Chief Minister Musa Aman must "better understand" the existing oil agreement before any 'amicable discussions' with Putrajaya, advises STAR.
He said the “so-called review will test the sincerity” of the federal government and the Sabah leaders as well as the “extent of the federal-state relationship.”
“If Musa is truly a Sabahan at heart, this is the most opportune time to not only seek a review but to demand and negotiate a new deal for Sabah’s oil and gas resources for the benefit of Sabah and its future.
“But Chief Minister Musa (Aman) needs to better understand the existing oil agreement. The (current) terms of the agreement are not only lopsided but grossly unfair to the oil-producing states (including Sabah).
“(As such) the state government should also adopt a holistic approach to the old oil agreement in seeking a new deal,” said Jeffrey.
Jeffrey was commenting on Musa’s statement on Tuesday that the state government would open “amicable discussions” with the federal government to increase the petroleum royalty payment from the current 5%.
He said Musa needs to first understand that the current 5% is a cash payment payable by Petronas under Section 4 of the Petroleum Development Act, 1974 and had nothing to do with royalties.
The cash payment was in return for the ownership and the rights, powers, liberties and privileges of the oil and gas resources vested to Petronas by the State.
Furthermore, Section 4 provides that the cash payment is to be agreed between the parties, and not imposed upon.
Jeffrey, the younger brother of deputy chief minister Joseph Pairin, said many are of the opinion that the existing oil agreement is unconstitutional and invalid because it is not only unfair but infringes on fundamental state rights.
He said many were of the opinion that there was unlikely to have been any negotiations in 1976 for the amount of the cash payment.
If terms had been properly negotiated, Sabah would not have ended up at a mere 5% for transfer of ownership of the oil and gas resources to Petronas.
Sabah forced to sign
Jeffrey said many were also questioning the authority and the manner of the then chief minister in signing away the oil rights without approval from the State Legislative Assembly.
Then Chief Minister Harris Salleh, who signed the oil royalty agreement in 1976, recently stated that the Sabah was forced to accept the 5% cash payment.
Jeffrey said few people know that under Clause 4 of the 1976 agreement that was signed eight days after the plane crash that killed newly elected chief minister Fuad Stephens and several members of his cabinet, the state government was also asked to waive or to reject Sabah’s rights to royalties on the oil and gas resources.
As such, he said, in the new deal, the state government should seek the restoration of Sabah’s rights to impose oil royalties which are provided under the State List of the Federal Constitution and Section 24 of the Land Ordinance, Sabah Cap. 68.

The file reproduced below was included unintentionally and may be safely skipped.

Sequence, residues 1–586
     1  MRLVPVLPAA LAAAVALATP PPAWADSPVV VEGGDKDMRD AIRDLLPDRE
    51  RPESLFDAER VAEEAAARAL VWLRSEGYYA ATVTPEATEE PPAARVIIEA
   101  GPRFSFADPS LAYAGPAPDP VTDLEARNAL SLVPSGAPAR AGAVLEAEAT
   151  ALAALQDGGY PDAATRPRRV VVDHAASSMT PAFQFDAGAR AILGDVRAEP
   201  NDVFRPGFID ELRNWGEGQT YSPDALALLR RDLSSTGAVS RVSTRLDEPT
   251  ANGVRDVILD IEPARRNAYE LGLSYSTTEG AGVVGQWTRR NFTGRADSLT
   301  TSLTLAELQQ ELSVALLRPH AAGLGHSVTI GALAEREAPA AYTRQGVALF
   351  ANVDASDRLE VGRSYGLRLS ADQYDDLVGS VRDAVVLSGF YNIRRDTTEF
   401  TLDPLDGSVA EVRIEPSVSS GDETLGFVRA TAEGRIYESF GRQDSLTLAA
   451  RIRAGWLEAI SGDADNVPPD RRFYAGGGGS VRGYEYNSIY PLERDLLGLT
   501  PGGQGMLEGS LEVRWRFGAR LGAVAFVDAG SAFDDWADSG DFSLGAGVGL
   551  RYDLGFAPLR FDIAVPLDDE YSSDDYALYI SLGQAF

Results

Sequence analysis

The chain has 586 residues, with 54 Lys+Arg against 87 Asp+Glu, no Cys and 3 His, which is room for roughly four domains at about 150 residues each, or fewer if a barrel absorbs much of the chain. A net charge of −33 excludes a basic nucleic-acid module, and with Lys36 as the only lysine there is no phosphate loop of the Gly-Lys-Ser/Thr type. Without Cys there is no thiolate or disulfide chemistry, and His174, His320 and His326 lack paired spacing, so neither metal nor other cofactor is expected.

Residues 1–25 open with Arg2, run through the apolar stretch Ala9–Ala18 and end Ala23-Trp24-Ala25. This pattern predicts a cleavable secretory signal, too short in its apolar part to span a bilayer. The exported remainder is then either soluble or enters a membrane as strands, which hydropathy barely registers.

He also reminded that in a video recording made in 1975, Tengku Razaleigh Hamzah, who was then Minister of Finance and headed Petronas explained that royalties entitlements of the states was 12% for up to three (3) miles from the shoreline with the federal government getting 10% for up to 10 miles and 8% to the federal government up to the international boundary.
Under this scenario, Sabah should have received a total of at least 17% in oil revenue with 12% in royalties and 5% cash payment.
Jeffrey, who heads the Sabah chapter of the State Reform Party, said it was his party’s view that Sabah should receive at least 30% in royalties because Sabah’s boundary is the same as the international boundary as Sabah gained independence on Aug 31, 1963 thereby establishing its international boundary as a nation.
He said this meant Malaysia’s international boundary coincides with Sabah’s international boundary.
As part of STAR Sabah’s causes and aspirations for Sabah, the party is seeking an increase of the oil revenue to 50% nett revenue excluding royalties which are payable even if the ownership is transferred to Petronas.
This is set out in STAR’s Petroleum Masterplan which is comprehensive and covers a wide range of policies for Sabah’s oil and gas beneficial to Sabah and Sabahans.
‘Sabah, Sarawak will unite’
It is also STAR’s view that Sabah’s or Sarawak’s oil rights cannot be transferred as it belongs to the states but can only be leased or assigned for a specific period.
Jeffrey said an increase from 5% to 50% will bring in an additional amount of at least about RM7 billion a year for Sabah which could be used to help eliminate poverty in Sabah.
The additional RM7 billion would also be proof that the federal and state governments are sincere in resolving the oil issue and talk of asking for a review is not a mere election gimmick to hoodwink the voters in Sabah, Jeffrey said.
He warned that if the federal government and Petronas did not agree to a new deal for Sabah and Sarawak, the Bornean states should stand united for their own good and change the federal government.
Jeffrey also said it was important for all to realise that the seat of government in Putrajaya is now likely to be decided by Sabah and Sarawak.
“Therefore, the Sabah and Sarawak leaders must leverage their role as kingmakers. Sabah and Sarawak leaders must ensure that the rights and interests of Sabah and Sarawak come first.
“And, if the federal government does not agree to increase the share of oil revenue for Sabah and Sarawak, the Sabah and Sarawak leaders, as kingmakers, should just change the federal government.